And that practice is Isolation. What disfellowship does is allow you to completely cut off everyone from the outside world. It prevents them from having anyone they love who can make sure that they don’t fall into error. It is a powerful manipulation technique that can get those who adhere to it to believe anything.
God’s word doesn’t need nor what those tactics. It does not need people’s free will to be subjugated. It does not need for the Church to be taken out of the world. We are in the world, but not of the world.
As Jesus said, kicking people out of the congregation just means they are treated like the world.
And who did Jesus eat with? Tax collectors and sinners. (Matthew 9:11).
Ooohh, you alluded to it! And you point that out to someone who wasn’t a member when the thread was extant.
That thread must have made a distinct impression on you. Still, you MAY be an outlier in that respect. Perhaps if you link to it, people might not miss the point. :dubious:
You were an AMWAY distributor?
Where’s my shunning sash?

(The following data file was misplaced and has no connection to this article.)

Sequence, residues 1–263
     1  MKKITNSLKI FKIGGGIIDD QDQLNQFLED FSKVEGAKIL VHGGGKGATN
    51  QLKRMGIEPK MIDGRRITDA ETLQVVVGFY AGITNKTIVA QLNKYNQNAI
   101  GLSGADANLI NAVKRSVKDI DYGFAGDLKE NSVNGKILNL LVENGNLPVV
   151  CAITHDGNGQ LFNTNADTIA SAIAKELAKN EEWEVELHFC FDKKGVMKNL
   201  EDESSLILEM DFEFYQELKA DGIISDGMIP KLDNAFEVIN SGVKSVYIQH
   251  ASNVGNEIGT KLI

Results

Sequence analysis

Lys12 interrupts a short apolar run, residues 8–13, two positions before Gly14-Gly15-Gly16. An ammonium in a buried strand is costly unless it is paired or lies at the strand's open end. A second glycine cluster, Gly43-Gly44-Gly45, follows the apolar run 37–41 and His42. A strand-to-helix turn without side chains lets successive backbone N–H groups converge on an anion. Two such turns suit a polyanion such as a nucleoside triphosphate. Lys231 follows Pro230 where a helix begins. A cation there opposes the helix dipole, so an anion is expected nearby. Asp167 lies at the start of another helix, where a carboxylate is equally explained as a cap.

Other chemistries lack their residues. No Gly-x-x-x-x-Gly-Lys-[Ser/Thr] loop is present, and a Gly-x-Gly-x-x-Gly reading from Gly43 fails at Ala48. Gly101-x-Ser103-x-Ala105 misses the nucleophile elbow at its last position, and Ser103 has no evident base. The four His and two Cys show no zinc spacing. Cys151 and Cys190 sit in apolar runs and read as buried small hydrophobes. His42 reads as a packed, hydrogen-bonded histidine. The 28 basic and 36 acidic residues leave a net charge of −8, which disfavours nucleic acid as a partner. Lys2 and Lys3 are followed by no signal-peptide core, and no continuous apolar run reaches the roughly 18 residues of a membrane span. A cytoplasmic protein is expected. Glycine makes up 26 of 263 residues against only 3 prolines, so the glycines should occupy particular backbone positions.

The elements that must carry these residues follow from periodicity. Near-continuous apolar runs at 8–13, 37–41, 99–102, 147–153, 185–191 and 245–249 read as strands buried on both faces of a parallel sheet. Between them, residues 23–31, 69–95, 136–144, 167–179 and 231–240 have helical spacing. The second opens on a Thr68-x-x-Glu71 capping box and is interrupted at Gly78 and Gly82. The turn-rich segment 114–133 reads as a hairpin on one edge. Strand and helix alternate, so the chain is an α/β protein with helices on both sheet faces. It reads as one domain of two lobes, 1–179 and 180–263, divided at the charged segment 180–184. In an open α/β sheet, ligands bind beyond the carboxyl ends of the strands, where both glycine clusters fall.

You were a JW and an Amway salesman? Did the houses in your neighborhood just have signs next to their doorbells that showed your face and a red circle with a line over it? I kid.
Of course you do. But I didn’t want to make members of the congregation a captive list of potential customers, if that makes sense. I almost never mentioned Amway at meetings. I did not believe that should be a condition to my attendance.
Still fitted in its place in the wall, hanging from its sash weights.
I can, if you give me the thread number. I’m posting now on my smartphone.
I can only presume that my knowledge of Ranger Jeff not yet being a Doper when that thread was alive is why you think I know anything about it. I don’t though; all I know about Ranger Jeff is that he joined last year, and that Hart died in 2007, therefore the thread was before his time.
I know nothing of the thread itself.
So - lets focus on the second question for a bit -
In your own words - what constitutes a ‘lie’ ?
I’ll remind you what the Watchtower Organization states -
What would you think if it were shown that the Watchtower does not follow its own guidelines?
There’s no ‘IF’ about it - but we’re supposed to be having a conversation here - how about honestly answering the questions? THen we can get on to the business of “IF”.